COAL seam gas remains important to Australia's future energy needs and economic development, COAG Reform Council chairman John Brumby said.
The former Victorian premier was speaking after the reform council released its first assessment report on the Coal Seam Gas and Large Coal Mining Developments National Partnership Agreement on Tuesday.
While conceding CSG mining was a "contentious issue", Mr Brumby pointed to figures showing CSG production had increased from 2-11% of Australia's total gas production in the five years to 2010-11.
"Coal seam gas is an important source of natural gas that has the potential to strengthen Australia's long-term energy security and to further expand energy exports to meet growing global demand for energy," Mr Brumby said.
"This agreement aims to improve the community's confidence in decisions on coal seam gas and large coal mining development by informing those decisions with substantially improved science and independent expert advice."
The reform council report examined whether participating states had completed their actions under the NPA.
It found that of the four states to have signed up to the NPA, NSW was the only one not to have met its milestones.
The state is yet to publish a protocol on how it intends to refer CSG and coal developments to the committee set up to assess environmental risks and provide advice.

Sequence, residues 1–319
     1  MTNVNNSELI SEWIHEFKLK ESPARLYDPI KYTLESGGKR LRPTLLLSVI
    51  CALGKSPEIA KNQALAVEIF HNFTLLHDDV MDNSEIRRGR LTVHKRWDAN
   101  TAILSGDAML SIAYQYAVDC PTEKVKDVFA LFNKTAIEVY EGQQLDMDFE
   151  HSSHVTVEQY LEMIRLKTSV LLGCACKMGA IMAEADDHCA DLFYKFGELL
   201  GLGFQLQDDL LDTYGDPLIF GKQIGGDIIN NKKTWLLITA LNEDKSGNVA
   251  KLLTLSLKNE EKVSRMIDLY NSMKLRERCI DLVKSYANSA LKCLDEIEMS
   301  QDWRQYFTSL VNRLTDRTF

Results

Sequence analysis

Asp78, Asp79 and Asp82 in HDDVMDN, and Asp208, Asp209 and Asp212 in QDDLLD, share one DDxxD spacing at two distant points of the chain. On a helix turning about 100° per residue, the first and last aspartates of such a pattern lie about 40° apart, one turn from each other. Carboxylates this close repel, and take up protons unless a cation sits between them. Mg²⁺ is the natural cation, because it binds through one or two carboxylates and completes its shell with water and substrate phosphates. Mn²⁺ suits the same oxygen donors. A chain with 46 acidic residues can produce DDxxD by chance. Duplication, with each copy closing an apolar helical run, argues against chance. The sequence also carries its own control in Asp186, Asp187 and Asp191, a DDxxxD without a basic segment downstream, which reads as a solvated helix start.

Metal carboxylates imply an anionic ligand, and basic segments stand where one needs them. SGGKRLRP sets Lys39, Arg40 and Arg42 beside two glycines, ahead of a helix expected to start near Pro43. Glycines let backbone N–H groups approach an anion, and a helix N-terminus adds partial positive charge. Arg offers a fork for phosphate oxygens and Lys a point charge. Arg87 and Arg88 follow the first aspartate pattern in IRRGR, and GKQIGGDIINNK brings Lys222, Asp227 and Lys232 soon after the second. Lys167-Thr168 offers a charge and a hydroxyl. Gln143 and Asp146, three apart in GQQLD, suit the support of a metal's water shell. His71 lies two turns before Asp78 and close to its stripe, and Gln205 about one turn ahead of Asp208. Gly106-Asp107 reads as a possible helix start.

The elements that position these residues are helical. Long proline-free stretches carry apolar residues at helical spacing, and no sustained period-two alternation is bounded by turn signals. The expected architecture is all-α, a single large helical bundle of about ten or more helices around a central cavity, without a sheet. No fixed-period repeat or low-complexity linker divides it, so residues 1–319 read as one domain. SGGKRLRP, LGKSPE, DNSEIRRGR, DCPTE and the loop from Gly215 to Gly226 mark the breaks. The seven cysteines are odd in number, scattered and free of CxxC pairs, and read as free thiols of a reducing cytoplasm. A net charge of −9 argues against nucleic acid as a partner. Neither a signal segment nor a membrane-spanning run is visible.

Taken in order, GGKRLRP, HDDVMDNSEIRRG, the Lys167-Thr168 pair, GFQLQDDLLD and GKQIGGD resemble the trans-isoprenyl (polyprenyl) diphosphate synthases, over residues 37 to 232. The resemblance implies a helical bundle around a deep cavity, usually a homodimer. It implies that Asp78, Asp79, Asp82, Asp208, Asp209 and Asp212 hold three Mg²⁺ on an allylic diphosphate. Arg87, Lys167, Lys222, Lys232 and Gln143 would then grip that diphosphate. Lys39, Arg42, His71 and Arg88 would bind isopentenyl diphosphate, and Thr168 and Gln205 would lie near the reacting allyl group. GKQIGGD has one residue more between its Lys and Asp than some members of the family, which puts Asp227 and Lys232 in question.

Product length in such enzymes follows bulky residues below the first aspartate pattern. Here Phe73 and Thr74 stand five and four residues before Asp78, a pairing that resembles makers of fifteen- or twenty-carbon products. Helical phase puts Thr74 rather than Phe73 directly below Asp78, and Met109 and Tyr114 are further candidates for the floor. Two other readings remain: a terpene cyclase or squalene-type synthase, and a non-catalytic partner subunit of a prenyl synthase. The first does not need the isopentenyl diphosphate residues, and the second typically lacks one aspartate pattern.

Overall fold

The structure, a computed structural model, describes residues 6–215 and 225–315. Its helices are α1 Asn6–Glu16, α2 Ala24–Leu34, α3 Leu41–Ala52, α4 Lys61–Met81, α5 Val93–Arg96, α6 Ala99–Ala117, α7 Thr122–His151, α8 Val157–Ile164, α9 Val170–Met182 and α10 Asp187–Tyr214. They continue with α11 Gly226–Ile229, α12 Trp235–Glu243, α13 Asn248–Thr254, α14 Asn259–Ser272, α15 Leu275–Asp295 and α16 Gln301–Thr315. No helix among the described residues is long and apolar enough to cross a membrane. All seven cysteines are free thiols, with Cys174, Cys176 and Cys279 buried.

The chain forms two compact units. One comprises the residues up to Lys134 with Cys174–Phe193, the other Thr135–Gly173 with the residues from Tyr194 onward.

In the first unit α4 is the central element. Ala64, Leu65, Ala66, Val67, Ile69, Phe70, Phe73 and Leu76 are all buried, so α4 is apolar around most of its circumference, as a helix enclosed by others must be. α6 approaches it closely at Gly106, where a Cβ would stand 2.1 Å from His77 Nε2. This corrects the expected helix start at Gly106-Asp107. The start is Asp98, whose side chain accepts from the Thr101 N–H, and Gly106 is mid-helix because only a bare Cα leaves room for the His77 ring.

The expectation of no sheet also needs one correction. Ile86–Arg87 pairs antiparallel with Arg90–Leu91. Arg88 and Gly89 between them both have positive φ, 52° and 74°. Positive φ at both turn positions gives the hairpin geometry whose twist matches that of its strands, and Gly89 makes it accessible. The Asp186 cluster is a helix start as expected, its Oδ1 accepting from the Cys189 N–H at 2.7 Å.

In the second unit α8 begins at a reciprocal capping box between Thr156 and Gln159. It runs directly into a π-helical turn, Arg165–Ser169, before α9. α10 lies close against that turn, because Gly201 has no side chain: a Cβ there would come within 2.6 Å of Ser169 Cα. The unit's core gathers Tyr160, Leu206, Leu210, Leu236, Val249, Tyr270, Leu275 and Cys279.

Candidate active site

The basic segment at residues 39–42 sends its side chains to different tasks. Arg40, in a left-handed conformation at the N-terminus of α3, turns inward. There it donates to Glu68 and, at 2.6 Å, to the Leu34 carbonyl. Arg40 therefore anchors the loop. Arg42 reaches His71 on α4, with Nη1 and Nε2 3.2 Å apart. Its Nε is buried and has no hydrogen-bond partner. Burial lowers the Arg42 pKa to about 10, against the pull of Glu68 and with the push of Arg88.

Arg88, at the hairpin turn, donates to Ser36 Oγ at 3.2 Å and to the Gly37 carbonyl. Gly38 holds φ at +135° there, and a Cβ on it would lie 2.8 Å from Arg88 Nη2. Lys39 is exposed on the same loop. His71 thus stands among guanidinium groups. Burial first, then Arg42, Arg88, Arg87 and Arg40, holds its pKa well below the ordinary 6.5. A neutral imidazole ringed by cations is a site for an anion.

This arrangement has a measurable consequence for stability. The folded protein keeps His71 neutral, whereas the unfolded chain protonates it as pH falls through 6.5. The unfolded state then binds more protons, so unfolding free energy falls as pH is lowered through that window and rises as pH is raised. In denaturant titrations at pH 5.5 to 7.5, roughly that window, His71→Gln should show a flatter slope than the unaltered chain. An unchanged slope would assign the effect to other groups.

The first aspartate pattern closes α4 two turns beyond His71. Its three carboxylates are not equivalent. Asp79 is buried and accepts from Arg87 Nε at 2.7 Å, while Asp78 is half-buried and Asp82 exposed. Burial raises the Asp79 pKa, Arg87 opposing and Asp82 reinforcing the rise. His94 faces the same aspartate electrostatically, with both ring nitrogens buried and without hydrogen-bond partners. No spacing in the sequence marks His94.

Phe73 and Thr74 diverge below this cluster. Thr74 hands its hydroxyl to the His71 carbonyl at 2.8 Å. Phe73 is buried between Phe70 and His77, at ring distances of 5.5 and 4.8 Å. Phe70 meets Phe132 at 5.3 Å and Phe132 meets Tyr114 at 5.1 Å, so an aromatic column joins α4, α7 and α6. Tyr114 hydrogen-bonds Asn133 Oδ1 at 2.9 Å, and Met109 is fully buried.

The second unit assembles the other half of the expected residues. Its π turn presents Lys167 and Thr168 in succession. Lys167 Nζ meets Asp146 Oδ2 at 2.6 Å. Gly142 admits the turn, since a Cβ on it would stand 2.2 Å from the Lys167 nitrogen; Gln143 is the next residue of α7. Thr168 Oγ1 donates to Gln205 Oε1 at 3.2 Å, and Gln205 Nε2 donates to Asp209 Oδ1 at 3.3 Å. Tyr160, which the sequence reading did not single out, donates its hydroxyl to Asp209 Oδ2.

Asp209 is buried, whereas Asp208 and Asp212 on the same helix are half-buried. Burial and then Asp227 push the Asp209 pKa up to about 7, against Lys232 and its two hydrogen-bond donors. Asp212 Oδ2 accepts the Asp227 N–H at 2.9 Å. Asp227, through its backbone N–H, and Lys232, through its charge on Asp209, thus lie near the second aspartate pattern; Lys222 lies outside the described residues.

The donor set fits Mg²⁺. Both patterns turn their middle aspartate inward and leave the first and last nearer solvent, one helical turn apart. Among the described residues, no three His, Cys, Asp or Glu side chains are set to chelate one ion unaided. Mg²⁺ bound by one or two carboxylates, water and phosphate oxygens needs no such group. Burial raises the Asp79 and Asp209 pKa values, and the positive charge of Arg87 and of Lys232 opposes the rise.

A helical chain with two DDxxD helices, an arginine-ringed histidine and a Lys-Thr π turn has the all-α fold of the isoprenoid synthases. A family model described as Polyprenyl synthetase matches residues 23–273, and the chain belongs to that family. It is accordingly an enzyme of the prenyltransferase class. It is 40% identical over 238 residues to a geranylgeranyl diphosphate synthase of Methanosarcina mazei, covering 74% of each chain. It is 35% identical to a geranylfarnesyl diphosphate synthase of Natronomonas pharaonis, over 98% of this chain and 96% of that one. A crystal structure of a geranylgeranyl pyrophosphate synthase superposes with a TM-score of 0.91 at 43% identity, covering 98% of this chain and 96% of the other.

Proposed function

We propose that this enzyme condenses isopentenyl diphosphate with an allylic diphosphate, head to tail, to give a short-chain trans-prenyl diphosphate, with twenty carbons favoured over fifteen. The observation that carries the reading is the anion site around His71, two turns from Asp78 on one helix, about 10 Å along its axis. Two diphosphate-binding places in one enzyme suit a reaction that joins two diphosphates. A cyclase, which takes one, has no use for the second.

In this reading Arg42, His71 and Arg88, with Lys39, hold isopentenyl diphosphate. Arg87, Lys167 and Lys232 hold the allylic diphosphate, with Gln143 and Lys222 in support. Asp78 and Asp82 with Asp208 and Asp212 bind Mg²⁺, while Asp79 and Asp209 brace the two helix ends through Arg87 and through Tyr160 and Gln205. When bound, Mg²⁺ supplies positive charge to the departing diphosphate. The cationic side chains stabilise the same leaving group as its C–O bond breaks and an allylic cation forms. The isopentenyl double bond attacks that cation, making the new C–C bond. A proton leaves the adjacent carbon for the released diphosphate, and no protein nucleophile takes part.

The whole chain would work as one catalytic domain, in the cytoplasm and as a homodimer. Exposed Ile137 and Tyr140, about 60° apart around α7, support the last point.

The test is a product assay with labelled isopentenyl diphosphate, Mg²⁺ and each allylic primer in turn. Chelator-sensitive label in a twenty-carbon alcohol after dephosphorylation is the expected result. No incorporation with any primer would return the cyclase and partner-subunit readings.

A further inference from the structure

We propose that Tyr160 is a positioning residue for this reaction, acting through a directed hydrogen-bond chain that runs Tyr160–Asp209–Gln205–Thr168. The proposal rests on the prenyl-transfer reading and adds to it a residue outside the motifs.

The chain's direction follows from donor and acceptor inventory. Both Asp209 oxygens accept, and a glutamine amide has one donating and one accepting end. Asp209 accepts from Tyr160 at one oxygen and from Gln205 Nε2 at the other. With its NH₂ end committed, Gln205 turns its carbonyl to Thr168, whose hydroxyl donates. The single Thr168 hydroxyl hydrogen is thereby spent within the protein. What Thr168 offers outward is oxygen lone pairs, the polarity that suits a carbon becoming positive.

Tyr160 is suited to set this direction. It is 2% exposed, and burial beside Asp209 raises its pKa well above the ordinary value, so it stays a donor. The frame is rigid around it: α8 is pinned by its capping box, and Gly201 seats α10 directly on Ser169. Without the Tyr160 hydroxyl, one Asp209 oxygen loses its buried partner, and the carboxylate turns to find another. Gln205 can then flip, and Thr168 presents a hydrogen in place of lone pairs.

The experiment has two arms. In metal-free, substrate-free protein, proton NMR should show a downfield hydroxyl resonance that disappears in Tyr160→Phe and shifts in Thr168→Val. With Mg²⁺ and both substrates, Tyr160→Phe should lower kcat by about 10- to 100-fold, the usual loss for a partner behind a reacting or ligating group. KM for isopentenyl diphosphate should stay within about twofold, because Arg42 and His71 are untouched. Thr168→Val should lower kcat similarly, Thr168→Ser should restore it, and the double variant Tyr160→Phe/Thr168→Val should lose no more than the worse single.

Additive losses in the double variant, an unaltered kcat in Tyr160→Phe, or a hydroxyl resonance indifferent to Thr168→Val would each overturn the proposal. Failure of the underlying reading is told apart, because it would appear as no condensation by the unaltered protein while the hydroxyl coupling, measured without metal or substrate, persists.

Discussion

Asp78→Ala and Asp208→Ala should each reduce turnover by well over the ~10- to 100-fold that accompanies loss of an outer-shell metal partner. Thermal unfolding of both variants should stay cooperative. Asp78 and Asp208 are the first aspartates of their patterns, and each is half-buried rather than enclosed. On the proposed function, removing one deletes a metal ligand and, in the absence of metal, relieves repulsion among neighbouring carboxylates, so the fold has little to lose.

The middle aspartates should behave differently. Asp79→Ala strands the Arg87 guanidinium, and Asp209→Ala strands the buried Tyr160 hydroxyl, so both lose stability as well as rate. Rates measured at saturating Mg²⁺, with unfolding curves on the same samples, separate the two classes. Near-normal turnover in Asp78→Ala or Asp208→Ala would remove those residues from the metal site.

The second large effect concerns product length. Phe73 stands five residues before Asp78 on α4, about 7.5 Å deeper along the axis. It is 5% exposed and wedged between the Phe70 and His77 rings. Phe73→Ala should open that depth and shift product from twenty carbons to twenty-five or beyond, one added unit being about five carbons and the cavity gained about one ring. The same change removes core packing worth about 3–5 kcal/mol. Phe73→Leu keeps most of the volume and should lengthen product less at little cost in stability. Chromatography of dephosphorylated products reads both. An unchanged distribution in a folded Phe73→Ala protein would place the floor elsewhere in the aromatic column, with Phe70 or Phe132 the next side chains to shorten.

Victoria and Queensland were the only states to devise and publish a protocol by the September 30 deadline.
South Australia's protocol commenced in September but was not publicly available until October.
NSW Premier Barry O'Farrell released a regional land use policy in September aimed at dealing with the mounting concerns over CSG expansion in the state.
He claimed the policy would act as a "gateway" to the Independent Expert Scientific Committee, which was established by the Federal Government under the NPA.
Mr Brumby said confusion remained about how this would work.
"It remains unclear how NSW will decide which projects to refer to the IESC for advice outside of land it has identified as 'strategic agricultural land'," Mr Brumby wrote to Prime Minister Julia Gillard in a letter accompanying the report.
The Federal Government has already distributed $20 million to state governments to implement the agreed reforms, with another $30 million available for completing the milestones in this agreement.
Independents Tony Windsor and Rob Oakeshott made the formation of the IESC a part of their agreement to help Labor form government in 2010.
Environment Minister Tony Burke revealed the make-up of the IESC in November.
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